Australian Open slammed for 'complete blunder' leaving tennis players and fans in limbo

The decision to push the Australian Open's start time back an hour on Tuesday has sensationally backfired.

Novak Djokovic, Coco Gauff and Marta Kostyuk at the Australian Open.
Australian Open officials have been left red faced by a scheduling call has thrown Day 10 into chaos. Image: Getty

Australian Open officials have been left red-faced after a scheduling call descended Day 10 into chaos. At the start of the tournament, officials added another day in an attempt to eradicate late finishes and delays.

But they made the peculiar decision to start the first quarter-final on Tuesday at 1pm instead of 12pm - as was the case in other day sessions. This was despite the fact that during this tournament, day sessions starting at midday had already run long and pushed back the night session. Delays to Tuesday's play were made even worse by organisers opting to schedule a legend’s doubles match at 12pm on Rod Laver Arena before the first official match was scheduled at 1pm.

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The likelihood of a late finish on Tuesday was clear following fourth seed Coco Gauff’s three-set clash with Marta Kostyuk. The match almost broke the record for the longest women’s match of the tournament, eclipsing the three-hour mark.

The lengthy quarter-final meant delays for the rest of the schedule as the women's match finished at 4.20pm, pushing back Novak Djokovic and Taylor Fritz's encounter. As the anticipated start time for the night session well and truly passed, Djokovic and Fritz's match was only into the third set. Djokovic stepped up his game in the third set, showing why he is a 10-time Australian Open champion before running away with the match in the fourth, winning 7-6 (7-3) 4-6 6-2 6-3 just before 8.30pm.

Serbia's Novak Djokovic hits a return against USA's Taylor Fritz during their men's singles quarter-final match on day 10 of the Australian Open tennis tournament in Melbourne on January 23, 2024. (Photo by Paul Crock / AFP) / -- IMAGE RESTRICTED TO EDITORIAL USE - STRICTLY NO COMMERCIAL USE -- (Photo by PAUL CROCK/AFP via Getty Images)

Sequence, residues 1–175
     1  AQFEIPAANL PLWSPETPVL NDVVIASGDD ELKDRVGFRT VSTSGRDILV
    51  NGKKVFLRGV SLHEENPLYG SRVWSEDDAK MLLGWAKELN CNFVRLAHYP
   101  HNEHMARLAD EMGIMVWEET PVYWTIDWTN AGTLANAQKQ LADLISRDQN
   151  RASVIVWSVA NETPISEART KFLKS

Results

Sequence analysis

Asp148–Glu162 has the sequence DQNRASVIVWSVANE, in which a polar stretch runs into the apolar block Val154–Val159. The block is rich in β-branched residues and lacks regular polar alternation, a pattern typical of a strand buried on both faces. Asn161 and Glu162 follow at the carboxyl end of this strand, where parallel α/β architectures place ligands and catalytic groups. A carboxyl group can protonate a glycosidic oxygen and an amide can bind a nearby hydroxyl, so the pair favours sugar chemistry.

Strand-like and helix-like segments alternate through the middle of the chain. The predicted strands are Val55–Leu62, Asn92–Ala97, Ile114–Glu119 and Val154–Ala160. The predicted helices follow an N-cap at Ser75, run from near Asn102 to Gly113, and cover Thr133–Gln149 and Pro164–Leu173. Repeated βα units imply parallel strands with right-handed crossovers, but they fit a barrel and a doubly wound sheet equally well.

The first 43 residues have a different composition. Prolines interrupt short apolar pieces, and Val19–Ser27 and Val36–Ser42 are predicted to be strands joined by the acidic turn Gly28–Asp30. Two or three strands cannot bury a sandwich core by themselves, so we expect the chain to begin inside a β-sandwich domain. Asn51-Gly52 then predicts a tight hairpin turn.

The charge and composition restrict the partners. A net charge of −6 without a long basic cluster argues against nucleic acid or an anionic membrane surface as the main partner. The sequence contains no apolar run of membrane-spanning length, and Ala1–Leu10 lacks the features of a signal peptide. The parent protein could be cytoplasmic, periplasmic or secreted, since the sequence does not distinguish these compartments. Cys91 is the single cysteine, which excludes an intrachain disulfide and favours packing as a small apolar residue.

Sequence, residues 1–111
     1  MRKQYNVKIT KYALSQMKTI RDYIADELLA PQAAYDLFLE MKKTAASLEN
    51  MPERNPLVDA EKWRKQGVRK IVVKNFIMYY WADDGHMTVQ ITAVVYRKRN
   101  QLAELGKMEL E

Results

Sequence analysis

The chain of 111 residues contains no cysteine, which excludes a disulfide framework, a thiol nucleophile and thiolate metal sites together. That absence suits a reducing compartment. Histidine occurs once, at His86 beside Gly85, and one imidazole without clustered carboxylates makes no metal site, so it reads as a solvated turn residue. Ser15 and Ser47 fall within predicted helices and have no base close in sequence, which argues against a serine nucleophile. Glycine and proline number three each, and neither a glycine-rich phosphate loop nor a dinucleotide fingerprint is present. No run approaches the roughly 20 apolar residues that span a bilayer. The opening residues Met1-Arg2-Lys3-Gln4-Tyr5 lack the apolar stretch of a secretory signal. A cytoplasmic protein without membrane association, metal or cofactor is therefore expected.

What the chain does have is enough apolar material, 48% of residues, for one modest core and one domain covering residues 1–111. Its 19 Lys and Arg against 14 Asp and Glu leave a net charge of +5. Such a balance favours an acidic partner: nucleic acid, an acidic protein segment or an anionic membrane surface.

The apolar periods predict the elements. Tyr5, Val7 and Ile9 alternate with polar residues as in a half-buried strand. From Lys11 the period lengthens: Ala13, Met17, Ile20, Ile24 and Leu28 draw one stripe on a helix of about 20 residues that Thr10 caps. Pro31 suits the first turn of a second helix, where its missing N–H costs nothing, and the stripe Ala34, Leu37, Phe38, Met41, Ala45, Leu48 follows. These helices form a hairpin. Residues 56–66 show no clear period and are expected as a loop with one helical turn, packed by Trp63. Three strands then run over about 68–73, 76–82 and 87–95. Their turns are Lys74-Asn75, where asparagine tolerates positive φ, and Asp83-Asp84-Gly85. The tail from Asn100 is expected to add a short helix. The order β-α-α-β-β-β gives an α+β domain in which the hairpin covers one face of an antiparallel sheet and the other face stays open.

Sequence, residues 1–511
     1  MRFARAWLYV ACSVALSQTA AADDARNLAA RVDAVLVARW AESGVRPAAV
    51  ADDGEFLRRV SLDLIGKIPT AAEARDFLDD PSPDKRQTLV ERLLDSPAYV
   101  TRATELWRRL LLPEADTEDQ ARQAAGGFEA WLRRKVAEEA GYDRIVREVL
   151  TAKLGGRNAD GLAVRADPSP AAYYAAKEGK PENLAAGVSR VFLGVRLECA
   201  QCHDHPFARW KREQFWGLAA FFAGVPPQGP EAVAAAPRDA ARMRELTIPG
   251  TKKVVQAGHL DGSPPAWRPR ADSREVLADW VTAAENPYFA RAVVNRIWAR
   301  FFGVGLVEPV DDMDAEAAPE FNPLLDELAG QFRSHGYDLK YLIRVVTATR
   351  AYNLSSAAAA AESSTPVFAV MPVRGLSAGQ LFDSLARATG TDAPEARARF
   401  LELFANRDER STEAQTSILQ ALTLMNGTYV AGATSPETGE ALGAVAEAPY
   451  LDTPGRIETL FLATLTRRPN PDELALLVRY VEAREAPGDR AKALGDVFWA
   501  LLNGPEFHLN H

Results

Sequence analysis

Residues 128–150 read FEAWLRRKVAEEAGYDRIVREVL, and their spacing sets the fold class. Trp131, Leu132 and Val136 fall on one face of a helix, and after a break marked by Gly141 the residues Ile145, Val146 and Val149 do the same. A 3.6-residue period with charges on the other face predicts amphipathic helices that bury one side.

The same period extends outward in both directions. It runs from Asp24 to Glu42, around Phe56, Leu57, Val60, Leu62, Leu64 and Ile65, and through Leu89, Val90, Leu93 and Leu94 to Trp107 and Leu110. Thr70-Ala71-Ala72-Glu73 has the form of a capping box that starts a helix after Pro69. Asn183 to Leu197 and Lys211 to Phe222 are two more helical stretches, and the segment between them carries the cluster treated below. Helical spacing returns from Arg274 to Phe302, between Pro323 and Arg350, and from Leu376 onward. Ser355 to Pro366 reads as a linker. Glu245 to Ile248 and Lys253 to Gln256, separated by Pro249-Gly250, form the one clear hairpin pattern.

After two long matches, the Australian Open night session has been delayed by multiple hours. Image: Getty (PAUL CROCK via Getty Images)

Tournament organisers put the Serb's clash with the American in the day session, so it would be in primetime for the US audience but after Gauff-Kostyuk started late and went all three sets, Djokovic and Fritz didn't get on the court until after 4:30pm AEDT.

Throughout the afternoon and night fans and commentators took to social media to voice their displeasure with the scheduling. Many were left stunned by the decision to push back the day's play and joked that the final match today between Jannik Sinner and Andrey Rublev may not start before midnight.

"Today’s 1pm start on RLA (instead of 12PM) could come back to haunt organisers. 5 games all in the second set of Kostyuk V. Gauff. If this goes 3 sets, and Djokovic v. Fritz goes 4 or 5, it’ll be a very delayed start to the night session on Rod Laver Arena," commentator Shane McInnes tweeted.

It appears that organisers have realised their error on Tuesday, with Wednesday’s schedule beginning with Linda Noskova taking on Dayana Yastremska at midday. That match will be followed by Daniil Medvedev’s clash with ninth seed Hubert Hurkacz.

Australian Open continues to fail to avoid late finishes and delays

Despite the tournament making some changes this year in a bid to reduce the late-night finishes, such as starting a day earlier, the first grand slam of the year has already seen multiple late finishes. Most notably Medvedev took five sets to beat Emil Ruusuvori in the second round, resulting in a 3,40am finish.

While a five-set epic in the final match of the night is always going to equate to a later finish than anticipated, the reason it ended so late was partially due to the day session running into the night session. On that day, women's top seed Iga Swiatek took more than three hours to defeat Danielle Collins and men's second seed Carlos Alcaraz was on court for almost three and a half hours in his match with Lorenzo Sonego. The first match of the night session also saw Elena Rybakina and Anna Blinkova go all three sets, meaning Medvedev and Ruusuvuori didn't get on court until after 11pm.

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